Rightful winners of 2003 lottery finally claim jackpot
There was a long overdue payday Thursday for seven fraud victims who never collected $12.5 million in lottery winnings, despite purchasing a winning ticket from a southern Ontario convenience store more than seven years ago.
Each of the men, all of whom worked together when the original Super 7 ticket was purchased on Boxing Day in 2003, will soon be depositing their $2.12-million share of the prize. With interest, the total winnings have grown to $14.85 million.
"I'm a little overwhelmed," one of the winners, 37-year-old Daniel Campbell said before quickly correcting himself. "I'm a lot overwhelmed."
Although the magnitude of their good fortune is only now sinking in, the Super 7 jackpot winners said they're looking forward to paying down debts, helping family, and perhaps giving into an indulgence or two.
"I'm thrilled this is going on," Daniel MacGregor, 36, said. "I'm going to pay off the mortgage and probably buy a pretty expensive truck and that's probably about it for now."
Police charged a Burlington, Ont., convenience store worker and his two children with fraud last September. Police allege the family claimed the earnings for themselves and used the cash to fund a lavish lifestyle.
Police have seized or frozen assets linked to the three accused family members, including two Toronto-area homes worth $2 million and $1.3 million, luxury items and five vehicles.
Despite the long wait for his money, expectant father Joseph Reaman, 35, suggested a weight had been lifted from his shoulders.
"I've got a baby on the way and he's pretty much set for life, the lucky bastard."
The celebration came after the Ontario Provincial Police publicly identified the group after a lengthy vetting process.
"Credit goes to members of the Inspection and Investigation Branch who -- working with Ontario Lottery and Gaming (OLG) -- diligently followed through on the hundreds of tips from the public," OPP Deputy Commissioner Scott Tod said in a statement Thursday.
The other winners, also from southern Ontario communities, include:
- Adam Barnett, 32 years old, of Grimsby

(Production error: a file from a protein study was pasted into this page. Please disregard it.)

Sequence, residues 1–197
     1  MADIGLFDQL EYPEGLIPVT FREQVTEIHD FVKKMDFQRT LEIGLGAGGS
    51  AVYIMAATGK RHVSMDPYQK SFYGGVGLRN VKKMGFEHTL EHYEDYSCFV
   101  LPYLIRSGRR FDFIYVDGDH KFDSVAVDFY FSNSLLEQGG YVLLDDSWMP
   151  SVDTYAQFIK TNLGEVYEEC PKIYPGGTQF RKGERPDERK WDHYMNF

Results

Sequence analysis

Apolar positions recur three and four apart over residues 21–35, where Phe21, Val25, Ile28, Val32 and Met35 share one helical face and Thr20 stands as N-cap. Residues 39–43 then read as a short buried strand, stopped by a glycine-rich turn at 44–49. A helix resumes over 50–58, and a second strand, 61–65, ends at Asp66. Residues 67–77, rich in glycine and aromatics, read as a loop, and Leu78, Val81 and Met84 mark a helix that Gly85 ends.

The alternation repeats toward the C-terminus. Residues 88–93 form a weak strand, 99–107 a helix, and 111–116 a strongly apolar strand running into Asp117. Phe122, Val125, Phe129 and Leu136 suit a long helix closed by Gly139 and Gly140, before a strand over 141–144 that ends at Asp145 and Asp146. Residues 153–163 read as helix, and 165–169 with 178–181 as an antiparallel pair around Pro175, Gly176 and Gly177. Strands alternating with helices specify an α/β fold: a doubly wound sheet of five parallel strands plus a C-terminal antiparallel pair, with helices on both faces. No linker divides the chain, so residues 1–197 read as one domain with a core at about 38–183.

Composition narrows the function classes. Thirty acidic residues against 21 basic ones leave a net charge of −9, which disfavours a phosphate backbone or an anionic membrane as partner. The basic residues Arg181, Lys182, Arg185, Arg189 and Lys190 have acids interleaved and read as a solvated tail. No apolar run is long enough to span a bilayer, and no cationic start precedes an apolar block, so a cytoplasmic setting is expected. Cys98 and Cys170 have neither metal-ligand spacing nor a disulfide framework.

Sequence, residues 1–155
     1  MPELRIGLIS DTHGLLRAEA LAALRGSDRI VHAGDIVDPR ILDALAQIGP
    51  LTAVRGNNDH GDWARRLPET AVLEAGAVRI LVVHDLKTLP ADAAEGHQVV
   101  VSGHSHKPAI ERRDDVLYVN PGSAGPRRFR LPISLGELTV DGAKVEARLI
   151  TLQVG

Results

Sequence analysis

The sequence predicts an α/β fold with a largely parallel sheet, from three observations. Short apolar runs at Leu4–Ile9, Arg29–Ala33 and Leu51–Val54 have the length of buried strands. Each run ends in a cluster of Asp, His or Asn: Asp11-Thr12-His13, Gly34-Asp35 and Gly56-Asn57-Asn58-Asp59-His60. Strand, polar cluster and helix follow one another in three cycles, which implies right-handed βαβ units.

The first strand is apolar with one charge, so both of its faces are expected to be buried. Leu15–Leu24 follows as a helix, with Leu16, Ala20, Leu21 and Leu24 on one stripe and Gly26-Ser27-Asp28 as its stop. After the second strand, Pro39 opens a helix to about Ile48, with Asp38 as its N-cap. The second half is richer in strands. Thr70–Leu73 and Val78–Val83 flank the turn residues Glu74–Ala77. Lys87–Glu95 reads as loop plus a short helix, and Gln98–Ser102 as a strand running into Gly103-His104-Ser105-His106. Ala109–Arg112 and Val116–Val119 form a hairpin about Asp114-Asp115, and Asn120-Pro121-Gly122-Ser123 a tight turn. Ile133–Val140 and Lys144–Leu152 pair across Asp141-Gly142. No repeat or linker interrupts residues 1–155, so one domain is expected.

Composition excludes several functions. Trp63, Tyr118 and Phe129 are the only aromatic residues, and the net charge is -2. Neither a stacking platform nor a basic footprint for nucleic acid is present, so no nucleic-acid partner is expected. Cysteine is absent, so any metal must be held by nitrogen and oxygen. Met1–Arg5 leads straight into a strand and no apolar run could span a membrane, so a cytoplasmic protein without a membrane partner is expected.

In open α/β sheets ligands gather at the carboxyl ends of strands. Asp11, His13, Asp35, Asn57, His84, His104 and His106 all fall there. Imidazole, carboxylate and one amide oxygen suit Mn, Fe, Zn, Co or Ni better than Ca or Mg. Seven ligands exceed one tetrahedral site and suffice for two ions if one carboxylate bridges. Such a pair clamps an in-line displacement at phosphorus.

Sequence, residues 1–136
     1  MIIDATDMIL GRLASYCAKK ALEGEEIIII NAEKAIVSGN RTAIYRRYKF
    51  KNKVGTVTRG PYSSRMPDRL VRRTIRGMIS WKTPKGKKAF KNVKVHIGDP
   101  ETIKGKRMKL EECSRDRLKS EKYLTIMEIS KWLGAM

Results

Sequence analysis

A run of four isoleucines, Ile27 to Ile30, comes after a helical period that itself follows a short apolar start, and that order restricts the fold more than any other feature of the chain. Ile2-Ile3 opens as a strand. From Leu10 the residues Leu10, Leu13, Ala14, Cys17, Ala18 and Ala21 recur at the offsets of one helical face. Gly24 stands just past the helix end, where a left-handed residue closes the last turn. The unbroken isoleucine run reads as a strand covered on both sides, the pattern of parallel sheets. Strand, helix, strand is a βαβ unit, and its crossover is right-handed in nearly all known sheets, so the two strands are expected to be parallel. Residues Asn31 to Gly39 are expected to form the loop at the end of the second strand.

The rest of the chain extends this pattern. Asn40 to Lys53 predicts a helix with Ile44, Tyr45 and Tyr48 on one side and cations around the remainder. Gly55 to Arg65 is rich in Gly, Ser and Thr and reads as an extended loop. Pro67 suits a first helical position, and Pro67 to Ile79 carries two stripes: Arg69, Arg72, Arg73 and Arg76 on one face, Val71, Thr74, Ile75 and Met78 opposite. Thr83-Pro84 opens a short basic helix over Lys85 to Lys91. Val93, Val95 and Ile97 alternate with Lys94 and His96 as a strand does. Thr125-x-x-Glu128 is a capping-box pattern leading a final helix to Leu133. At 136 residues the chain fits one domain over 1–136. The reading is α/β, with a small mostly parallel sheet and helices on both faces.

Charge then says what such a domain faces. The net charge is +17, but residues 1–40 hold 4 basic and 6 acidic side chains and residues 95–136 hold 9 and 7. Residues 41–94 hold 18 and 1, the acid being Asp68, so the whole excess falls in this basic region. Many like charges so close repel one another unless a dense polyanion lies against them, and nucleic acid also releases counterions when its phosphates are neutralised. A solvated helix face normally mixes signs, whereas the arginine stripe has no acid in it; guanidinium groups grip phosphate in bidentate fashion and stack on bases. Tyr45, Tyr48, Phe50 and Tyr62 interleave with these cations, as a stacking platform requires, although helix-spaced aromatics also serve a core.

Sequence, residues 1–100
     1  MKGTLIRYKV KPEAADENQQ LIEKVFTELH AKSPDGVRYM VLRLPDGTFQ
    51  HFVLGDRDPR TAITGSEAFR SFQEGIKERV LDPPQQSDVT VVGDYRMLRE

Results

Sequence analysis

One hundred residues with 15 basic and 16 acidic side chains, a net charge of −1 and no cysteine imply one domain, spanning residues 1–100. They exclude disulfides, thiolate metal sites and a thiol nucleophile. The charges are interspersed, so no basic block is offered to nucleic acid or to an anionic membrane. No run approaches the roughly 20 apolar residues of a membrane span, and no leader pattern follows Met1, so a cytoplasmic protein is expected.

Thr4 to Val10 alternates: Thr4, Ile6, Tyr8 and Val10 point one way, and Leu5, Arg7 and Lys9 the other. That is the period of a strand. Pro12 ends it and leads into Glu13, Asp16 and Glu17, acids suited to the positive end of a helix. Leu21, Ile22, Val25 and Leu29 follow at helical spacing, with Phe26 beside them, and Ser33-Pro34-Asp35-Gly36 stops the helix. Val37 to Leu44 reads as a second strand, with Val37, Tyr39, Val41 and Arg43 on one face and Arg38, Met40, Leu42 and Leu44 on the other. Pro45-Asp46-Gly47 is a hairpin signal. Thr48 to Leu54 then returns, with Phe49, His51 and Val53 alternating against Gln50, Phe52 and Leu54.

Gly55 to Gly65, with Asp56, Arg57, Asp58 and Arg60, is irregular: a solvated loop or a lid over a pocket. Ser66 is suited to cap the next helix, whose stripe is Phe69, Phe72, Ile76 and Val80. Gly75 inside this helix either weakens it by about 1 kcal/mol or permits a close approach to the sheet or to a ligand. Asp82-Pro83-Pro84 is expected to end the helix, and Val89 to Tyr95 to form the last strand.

- Jason Dykema, 34 years old, of Burlington
- Michael Maddocks, 35 years old, of Beamsville
- James Reaman, 40 years old, of Ridgeville
"This stuff doesn't happen to people like us," Barnett told reporters.
At a news conference Thursday, OLG chair Paul Godfrey said it's good news to finally see the rightful winners awarded their prizes.
"It's a commitment that today, after more than seven long years, we are proud to be able to meet and fully uphold."
Godfrey told reporters that the OLG plans to pursue a civil action against the suspects in order to recoup the cash.
Police say the saga began with a Super 7 ticket bought at a video store in St. Catharines that was later validated at the convenience store in nearby Burlington.
Although the original ticket won a free play, police allege the father and son working at the store never gave it to the customer. That free ticket went on to hit the $12.5 million jackpot.
According to the OPP, "two men provided the winning ticket to a female family member to claim, in an attempt to conceal their association between their criminal activity and the lottery retail location."
The family is out on a combined total of $700,000 in bail, on the condition they surrender their passports and avoid communicating with each other.
Winners identified among 660 claimants
Stung by several allegations of insider fraud, the Ontario Lottery Gaming Corporation is now using a computer tracking system to analyze ticket purchase patterns and characteristics.
Godfrey told reporters that the software, in combination with the OPP's investigatory efforts, helped comb through the 660 people who came forward to claim they were winning ticket's rightful owner.
Jun-Chul Chung, 60, Kathleen Chung, 29, and Kenneth Chung, 28, face several charges, including fraud over $5,000 and possession under $5,000.
With files from The Canadian Press